I learned this from personal experience because I’ve been married to a conservative commentator for 39 years. And I change people’s minds for a living, that’s what I do. So of course I thought, with total arrogance, that I could certainly change his – an intelligent guy like this. And for the first, I would say probably for the first 10 years, I really gave it the old college try.

With you and Richard, what is the difference of values between you? 

If I thought that we had fundamentally different values, I couldn’t be with him. I think this is the main idea in my book. I have a chapter called “What is a core value?” And to me a core value is not your political philosophy.

There was one person I interviewed who really embodied this, a young woman, and her father was a dear friend of mine. He died a very terrible death. He had five brothers and sisters, all of whom were progressives and she totally identified with these people. He had one brother who had moved to the South, converted to evangelical Christianity, and was in the military. Guess who was the only person who showed up to help her? And he left his wife and his five children far away and came. Not one of the progressives – she knew them well – lifted a finger. And this was not lost on her. 

They had been fighting on Facebook about all kinds of stuff. She made a heartfelt apology to him. She said, “I have misjudged you.” So she found out that they really did share core values even though they had a lot of things not in common, the things that were the fundamental human values.

So, to understand where people are coming from, you have to have mutual respect?

You don’t start trying to understand the other person, you first start understanding yourself. Your own prejudices, your own resistance, the way that you are obnoxious. For instance, if you take an article from your point of view and you stick it in the face of the other person at the breakfast table, or send it to them on e-mail or whatever, and you expect that this is going to be a way to have a dialogue. It has never worked yet.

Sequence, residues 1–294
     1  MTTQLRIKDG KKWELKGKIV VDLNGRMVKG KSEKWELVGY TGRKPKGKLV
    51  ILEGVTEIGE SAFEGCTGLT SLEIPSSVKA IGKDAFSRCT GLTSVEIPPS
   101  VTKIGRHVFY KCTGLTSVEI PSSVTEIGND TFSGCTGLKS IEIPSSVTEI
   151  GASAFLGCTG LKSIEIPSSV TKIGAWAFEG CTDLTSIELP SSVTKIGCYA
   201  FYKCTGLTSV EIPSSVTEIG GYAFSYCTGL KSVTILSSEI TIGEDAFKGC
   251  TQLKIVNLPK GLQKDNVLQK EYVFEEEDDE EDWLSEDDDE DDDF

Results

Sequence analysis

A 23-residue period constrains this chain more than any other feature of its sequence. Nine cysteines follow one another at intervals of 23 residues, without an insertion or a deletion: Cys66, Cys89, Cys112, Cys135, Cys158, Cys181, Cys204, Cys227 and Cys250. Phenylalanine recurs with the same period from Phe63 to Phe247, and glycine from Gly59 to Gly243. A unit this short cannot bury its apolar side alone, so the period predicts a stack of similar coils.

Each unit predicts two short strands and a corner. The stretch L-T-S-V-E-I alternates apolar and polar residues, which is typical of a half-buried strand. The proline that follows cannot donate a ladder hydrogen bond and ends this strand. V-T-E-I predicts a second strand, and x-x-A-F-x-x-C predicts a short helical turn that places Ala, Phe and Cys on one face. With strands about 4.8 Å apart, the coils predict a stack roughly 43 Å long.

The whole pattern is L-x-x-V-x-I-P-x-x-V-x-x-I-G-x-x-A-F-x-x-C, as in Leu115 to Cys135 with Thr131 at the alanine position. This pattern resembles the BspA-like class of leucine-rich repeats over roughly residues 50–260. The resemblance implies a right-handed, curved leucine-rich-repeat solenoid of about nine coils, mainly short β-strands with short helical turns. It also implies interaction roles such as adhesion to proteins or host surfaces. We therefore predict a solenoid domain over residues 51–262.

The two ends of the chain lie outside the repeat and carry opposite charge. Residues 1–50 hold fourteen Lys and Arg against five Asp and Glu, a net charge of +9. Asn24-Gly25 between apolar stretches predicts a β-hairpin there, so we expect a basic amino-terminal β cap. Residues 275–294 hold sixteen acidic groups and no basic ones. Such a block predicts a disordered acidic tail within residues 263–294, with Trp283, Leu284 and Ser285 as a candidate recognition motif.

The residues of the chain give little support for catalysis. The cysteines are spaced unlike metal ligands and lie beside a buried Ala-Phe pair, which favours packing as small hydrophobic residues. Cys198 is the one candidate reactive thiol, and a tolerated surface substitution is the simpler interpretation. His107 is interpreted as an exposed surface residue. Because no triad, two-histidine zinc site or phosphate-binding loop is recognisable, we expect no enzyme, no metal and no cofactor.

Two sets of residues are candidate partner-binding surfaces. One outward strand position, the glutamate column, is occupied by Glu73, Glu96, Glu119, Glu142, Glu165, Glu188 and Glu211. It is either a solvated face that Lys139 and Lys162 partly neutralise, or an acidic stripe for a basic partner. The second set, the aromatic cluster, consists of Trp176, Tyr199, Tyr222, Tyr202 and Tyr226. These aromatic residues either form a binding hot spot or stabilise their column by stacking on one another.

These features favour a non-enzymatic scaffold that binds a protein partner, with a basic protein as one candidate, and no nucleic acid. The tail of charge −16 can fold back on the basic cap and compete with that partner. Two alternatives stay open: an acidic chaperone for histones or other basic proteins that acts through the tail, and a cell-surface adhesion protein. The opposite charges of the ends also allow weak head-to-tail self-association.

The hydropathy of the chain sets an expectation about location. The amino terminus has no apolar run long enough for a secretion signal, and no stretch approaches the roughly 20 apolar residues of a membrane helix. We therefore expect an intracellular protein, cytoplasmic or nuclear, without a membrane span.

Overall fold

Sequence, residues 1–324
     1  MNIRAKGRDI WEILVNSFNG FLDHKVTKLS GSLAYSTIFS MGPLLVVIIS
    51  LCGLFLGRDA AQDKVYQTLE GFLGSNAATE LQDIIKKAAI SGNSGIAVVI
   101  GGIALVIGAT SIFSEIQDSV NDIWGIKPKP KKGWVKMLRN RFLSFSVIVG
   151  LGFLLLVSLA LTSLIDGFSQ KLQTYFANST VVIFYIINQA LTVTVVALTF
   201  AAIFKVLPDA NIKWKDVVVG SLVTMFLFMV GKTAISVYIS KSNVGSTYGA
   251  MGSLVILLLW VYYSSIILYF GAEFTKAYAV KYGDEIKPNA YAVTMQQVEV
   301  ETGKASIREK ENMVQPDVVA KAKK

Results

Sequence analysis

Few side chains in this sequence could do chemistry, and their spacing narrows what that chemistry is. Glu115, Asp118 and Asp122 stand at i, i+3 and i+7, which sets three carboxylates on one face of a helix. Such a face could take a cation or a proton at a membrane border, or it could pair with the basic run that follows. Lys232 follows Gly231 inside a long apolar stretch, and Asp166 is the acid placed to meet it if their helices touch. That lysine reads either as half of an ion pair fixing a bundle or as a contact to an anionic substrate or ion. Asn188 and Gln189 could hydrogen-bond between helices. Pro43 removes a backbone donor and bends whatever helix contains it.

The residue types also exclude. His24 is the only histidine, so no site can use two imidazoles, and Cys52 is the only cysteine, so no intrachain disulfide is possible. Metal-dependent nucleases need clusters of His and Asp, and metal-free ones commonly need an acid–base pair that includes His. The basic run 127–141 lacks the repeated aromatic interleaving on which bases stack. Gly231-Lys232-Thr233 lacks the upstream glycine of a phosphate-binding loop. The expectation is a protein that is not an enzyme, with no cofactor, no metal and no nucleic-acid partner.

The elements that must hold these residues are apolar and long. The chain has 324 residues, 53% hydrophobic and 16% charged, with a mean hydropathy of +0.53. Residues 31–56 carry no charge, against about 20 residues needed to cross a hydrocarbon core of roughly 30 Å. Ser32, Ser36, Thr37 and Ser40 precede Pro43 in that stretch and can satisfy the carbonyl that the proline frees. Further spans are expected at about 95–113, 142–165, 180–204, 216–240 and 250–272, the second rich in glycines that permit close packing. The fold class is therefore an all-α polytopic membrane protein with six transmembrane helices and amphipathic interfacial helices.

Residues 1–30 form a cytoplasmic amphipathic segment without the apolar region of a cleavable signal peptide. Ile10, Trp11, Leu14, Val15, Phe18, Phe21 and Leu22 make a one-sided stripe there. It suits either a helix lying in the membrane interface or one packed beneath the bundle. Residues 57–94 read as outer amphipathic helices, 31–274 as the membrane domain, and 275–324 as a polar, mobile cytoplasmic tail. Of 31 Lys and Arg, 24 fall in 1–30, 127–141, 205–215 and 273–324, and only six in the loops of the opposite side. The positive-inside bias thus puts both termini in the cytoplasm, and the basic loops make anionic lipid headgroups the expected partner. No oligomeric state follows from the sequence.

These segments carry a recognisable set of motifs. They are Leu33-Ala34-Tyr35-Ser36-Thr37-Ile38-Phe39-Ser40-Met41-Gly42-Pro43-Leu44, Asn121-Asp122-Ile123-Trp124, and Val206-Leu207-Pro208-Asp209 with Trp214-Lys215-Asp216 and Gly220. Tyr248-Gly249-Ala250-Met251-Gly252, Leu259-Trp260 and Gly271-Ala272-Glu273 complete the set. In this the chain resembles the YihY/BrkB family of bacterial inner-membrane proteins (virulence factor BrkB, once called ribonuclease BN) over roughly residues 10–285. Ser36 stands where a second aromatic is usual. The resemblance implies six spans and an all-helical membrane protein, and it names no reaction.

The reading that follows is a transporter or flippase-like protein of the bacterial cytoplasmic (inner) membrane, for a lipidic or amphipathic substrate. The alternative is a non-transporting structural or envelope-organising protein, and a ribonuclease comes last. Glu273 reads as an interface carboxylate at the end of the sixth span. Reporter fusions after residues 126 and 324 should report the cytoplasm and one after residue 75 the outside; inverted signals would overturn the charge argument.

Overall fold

Has social media made it more difficult to have real dialogue?

I have eight commandments. And one of them is, “avoid social media.” Do not read what the other person says. You know what they’re gonna say. Consider it like their diary. Stay away from that and, whatever you do, do not “unfriend.” It is a disaster. People are devastated. It’s very hard to fix. And if you have something to say to somebody, I say go analog. That is, write him a letter. Call him on the telephone. Or go and see them. And I counsel people to do this. And I think I saved a few relationships that way.

So it is possible to preserve relationships in this fraught era?

I did not expect this because I’m not the biggest optimist. I can give you some examples of some of them where I really thought it was hopeless. I often told them what to do. You know like, if you love your sister and she’s on the left and you’re on the right, don’t just keep yelling, “Trump is everything.” Think about the fact that you were dear friends when you were children.

I said, “What are her good qualities?” And the brother said, “She has a great sense of beauty and she lives a life of the mind.” And I said, “How about telling her that?”

He’d alienated everybody else in the family. Why don’t you tell her that this is something too precious to lose. And I wrote three months later and he said, “We’re avoiding politics and we’re doing much better.”